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Sheila Bock
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Sheila Bock, Associate Professor of Interdisciplinary, Gender, and Ethnic Studies, University of Nevada, Las Vegas

I studied folklore at The Ohio State University, where I earned my MA (Comparative Studies) and PhD (English with a Graduate Interdisciplinary Specialization in Folklore Studies), and UC Berkeley, where I earned my BA (Anthropology). The majority of my work employs narrative and performance approaches to examine vernacular responses to stigma. Additional research interests include the contested domains of illness experience, foodways, material sites of personal expression, the intersections between folklore and popular culture, and the multivocality of ethnographic research. My work has appeared in the Journal of American Folklore; Journal of Folklore Research; Western Folklore; Journal of Folklore and Education; Western Journal of Black Studies; Journal of Medical Humanities; Health, Culture, and Society; Patient Experience; Diagnosing Folklore: Perspectives on Health, Trauma, and Disability; The Stigmatized Vernacular: Where Reflexivity Meets Untellability; and Comfort Food: Meanings and Memories.

Folklorists have much to contribute to the public conversations taking place in our current political climate, though their perspectives remain relatively absent. As a member of the AFS Executive Board, I would work toward enhancing the visibility of our field, making the value of our disciplinary perspectives and insights legible to those outside our field and to the public more broadly. Relatedly, I would help facilitate the Society’s ongoing work to support and to actively participate in advocacy efforts that are so necessary in these troubled times.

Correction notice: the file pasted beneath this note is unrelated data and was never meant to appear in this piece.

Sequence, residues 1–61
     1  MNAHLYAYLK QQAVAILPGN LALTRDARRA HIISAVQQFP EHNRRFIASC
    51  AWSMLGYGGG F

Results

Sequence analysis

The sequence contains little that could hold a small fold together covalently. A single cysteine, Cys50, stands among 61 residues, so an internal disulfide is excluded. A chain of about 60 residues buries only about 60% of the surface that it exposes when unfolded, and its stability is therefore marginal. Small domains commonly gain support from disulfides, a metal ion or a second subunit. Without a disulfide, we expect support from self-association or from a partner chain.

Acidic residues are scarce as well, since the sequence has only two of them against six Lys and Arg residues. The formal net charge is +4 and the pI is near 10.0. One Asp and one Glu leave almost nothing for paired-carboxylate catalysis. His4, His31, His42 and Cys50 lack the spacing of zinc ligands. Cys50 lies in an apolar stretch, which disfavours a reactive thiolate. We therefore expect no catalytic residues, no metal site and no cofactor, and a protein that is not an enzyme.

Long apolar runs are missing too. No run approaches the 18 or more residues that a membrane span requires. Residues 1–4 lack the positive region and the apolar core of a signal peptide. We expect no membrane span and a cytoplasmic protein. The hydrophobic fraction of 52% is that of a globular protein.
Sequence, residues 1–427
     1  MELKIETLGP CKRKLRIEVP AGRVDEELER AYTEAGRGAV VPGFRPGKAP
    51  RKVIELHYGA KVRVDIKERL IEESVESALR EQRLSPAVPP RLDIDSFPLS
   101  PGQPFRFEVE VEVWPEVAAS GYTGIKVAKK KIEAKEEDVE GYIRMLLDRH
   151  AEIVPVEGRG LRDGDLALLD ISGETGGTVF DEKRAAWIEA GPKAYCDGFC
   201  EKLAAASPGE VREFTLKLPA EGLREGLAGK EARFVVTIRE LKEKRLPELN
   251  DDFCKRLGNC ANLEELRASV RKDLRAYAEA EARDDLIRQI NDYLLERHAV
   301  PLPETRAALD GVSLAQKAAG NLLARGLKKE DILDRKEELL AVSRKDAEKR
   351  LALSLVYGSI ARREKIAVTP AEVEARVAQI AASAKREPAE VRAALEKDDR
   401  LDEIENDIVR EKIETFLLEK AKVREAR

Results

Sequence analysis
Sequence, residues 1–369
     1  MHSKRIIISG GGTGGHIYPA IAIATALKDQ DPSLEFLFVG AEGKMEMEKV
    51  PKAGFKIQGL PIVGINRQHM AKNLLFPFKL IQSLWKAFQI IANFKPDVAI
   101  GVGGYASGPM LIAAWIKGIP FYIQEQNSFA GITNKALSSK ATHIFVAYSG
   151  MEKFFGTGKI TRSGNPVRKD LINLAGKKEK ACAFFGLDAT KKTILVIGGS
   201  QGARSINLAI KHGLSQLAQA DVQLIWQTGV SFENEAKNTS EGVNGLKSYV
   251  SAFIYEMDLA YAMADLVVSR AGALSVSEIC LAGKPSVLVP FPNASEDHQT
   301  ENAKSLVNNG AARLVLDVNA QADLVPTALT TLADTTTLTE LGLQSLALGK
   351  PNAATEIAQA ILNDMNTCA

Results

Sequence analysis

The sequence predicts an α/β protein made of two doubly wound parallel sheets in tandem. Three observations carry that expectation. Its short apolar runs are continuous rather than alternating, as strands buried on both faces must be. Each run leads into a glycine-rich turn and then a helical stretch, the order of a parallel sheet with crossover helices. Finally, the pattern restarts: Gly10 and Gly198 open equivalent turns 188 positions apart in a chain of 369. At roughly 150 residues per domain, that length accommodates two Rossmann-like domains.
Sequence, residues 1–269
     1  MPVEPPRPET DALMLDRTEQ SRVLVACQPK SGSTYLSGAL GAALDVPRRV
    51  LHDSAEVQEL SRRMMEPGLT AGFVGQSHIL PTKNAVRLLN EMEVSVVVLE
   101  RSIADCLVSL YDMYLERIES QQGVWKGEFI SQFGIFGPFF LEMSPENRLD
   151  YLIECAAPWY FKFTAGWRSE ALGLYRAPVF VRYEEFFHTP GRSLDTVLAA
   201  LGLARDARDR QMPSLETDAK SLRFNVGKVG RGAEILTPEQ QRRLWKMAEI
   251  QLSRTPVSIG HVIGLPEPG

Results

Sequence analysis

It is also important for the Society to continue taking concrete steps to recruit, support, and retain members that represent diverse backgrounds and experiences. Attending to issues of diversity–not only in the work we do, but also in how we explicitly envision and enact our scholarly/professional community–is crucial for enriching the intellectual community the Society seeks to foster.

This work needs to take the form not only of explicit outreach, mentorship, financial support, and heightened visibility of diverse voices and perspectives in AFS-sponsored programs and publications. It also requires looking seriously at the limited employment opportunities for those who are trained in our field and to 1) strengthen and expand upon existing relationships and collaborations with other disciplines, organizations, and professional societies grappling with similar issues and 2) consider what additional roles the Society can play in supporting alt-ac career paths for folklorists.

All of these issues–visibility, advocacy, diversity, and employment opportunities–are inextricably intertwined. Attending to one requires attending to the others, and I welcome the opportunity to do this important work as a member of the AFS Executive Board.

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